Consensus Decision-Making

 

At the Emerson Lily Free School, we use Consensus decision-making, instead Robert’s Rules of Order (majority rules) or the bureaucratic succession of many schools.  Consensus is a process of collaborative discussion which protects the needs of both the group and the individual.  In Consensus, the whole group makes decisions, instead of a majority or minority. Through Consensus, each individual’s concerns and ideas are listened to and considered.   Every participant must have equal access to the process for it to be true Consensus decision-making. The group works with and adjusts a proposal until all can consent to its final form. This process gives more voice to individuals with minority viewpoints.  One member can block a decision, if he or she feels it is against the vision, mission and/or principles of the school.  Consensus is not unanimity. With Consensus there may not be a complete agreement in every decision, but there is always complete consent.

Consensus is not a process of finding the sum of individual viewpoints. When a person views a proposal, the concept is to discern what is for the good of the group, or in spiritual communities, what spirit is guiding. That is a very different starting point than each individual deciding if they like the proposal for themselves.

Consensus decision-making has roots in a multitude of indigenous traditions the world over. The term may not always be "Consensus decision-making", but the process is the same. Bushmen have a value of Ubuntu, which includes Consensus decision-making. The Iroquois Nation uses Consensus decision-making. It was their participatory system that inspired Benjamin Franklin to propose both a democratic model and a federation as a union of states. His Albany Plan borrowed heavily from Iroquois Nation. Later, in the aftermath of the Revolutionary War, the Albany Plan of Union served as an inspirational primer for the writings of the Articles of Confederation. Early Christians used Consensus decision-making, more often referred to as a process of "discernment". Jesuits have a recent history of this process of discernment. Quakers have a long history of using a participatory process. In the period before it was taken up by Quakers, consensus was commonly used among European parliaments.  Quakers may not always use the term Consensus. The term "sense of the meeting" is used more often to describe what is come to through the process of discernment. It is this process that the Quakers use that most influences the Consensus decision-making used by organizations, businesses, and communities today.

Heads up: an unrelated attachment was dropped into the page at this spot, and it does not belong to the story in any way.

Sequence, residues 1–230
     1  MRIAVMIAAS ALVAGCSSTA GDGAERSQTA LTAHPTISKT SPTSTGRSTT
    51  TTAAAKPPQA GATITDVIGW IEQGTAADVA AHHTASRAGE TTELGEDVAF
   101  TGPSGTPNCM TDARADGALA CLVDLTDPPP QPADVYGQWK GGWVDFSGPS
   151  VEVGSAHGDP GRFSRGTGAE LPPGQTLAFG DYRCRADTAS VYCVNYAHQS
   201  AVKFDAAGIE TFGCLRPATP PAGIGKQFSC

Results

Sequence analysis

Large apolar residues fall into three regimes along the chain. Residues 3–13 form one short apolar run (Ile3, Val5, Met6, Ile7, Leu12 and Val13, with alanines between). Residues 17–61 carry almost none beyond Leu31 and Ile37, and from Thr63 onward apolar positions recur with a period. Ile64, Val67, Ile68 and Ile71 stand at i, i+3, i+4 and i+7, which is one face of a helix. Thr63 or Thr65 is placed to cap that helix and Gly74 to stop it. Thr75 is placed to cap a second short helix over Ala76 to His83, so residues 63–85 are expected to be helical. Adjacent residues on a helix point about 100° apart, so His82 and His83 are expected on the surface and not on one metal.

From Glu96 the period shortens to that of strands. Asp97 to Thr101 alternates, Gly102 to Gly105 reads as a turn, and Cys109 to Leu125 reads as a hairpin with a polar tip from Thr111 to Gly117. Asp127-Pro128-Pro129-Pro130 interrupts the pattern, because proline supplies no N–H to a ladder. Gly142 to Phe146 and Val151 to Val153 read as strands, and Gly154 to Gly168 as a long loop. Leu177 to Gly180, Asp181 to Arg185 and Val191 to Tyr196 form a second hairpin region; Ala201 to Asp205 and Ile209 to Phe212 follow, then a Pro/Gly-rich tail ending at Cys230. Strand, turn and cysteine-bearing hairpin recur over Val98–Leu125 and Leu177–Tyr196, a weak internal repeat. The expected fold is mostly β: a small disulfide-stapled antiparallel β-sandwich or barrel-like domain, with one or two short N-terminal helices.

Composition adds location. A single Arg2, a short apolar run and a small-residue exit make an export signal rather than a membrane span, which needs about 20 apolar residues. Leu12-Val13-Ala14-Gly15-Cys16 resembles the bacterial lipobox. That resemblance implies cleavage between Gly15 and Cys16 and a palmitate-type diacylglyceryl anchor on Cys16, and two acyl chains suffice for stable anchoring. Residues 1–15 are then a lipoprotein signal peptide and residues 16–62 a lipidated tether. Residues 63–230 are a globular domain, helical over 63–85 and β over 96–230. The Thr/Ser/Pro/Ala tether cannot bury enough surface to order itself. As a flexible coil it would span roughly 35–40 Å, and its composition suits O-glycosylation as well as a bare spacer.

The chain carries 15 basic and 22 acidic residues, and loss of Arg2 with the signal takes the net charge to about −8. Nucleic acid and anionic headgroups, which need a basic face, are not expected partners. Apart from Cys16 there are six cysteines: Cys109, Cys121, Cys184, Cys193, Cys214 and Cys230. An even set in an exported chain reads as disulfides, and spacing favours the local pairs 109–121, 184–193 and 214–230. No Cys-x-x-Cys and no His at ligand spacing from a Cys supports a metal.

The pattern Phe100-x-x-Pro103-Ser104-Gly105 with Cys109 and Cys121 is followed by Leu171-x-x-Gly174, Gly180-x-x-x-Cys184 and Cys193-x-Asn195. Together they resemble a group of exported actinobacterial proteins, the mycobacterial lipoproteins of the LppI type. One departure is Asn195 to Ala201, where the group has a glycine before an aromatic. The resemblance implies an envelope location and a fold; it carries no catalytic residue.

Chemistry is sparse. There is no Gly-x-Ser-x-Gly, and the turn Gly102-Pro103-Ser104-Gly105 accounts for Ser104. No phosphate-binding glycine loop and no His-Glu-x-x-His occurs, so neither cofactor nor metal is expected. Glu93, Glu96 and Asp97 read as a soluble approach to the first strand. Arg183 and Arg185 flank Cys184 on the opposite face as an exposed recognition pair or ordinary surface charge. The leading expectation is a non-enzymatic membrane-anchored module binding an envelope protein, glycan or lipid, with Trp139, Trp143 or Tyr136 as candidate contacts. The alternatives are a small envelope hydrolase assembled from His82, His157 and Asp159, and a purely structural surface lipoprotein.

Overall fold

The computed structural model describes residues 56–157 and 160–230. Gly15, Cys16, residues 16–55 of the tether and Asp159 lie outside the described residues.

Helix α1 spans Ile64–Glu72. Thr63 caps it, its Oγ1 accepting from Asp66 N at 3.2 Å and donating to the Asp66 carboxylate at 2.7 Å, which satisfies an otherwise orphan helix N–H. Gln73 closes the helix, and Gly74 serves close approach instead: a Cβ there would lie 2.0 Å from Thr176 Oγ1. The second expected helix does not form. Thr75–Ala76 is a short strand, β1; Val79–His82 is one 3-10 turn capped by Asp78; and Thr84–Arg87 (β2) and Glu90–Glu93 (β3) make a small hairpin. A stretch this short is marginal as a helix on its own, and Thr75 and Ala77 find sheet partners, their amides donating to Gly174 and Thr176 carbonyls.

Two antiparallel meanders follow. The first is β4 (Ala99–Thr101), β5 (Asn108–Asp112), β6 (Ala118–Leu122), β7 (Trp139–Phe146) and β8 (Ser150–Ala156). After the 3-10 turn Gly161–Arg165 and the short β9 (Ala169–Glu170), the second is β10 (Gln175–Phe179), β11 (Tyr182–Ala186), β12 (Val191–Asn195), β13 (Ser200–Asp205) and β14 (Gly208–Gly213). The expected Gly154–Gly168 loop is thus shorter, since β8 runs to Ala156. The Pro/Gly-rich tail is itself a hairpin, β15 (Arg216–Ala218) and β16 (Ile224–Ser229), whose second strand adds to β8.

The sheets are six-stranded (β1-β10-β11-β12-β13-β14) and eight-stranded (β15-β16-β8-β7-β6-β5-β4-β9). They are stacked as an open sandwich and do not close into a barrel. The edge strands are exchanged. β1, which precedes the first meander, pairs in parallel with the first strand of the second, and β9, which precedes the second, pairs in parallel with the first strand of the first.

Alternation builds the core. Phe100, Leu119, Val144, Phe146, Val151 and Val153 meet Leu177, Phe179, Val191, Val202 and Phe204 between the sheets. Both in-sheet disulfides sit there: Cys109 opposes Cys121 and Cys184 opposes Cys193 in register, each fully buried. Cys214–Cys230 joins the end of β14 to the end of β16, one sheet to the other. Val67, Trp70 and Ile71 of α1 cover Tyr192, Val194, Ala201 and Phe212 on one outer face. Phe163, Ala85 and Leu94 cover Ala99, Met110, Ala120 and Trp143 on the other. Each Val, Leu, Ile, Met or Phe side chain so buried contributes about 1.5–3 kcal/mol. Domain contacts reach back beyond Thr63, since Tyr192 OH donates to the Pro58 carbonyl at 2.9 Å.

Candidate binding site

To read more about The Emerson Lily Free School’s Consensus process, read our Consensus Process Handbook and Meeting Guidelines.  We recommed C.T. Butler's On Conflict and Consensus.  Also, there are some great resources from the UK-based organization, Seeds For Change, and from Consensus and effective meetings trainer, Tree Bressen. Here also is a description of the Consensus process of the Iroquois Nation.
 
With consensus decision-making, the Emerson Lily Free School fosters independent thinking, cooperation, logical thought, emotional intelligence, creativity, collaboration, and empathy.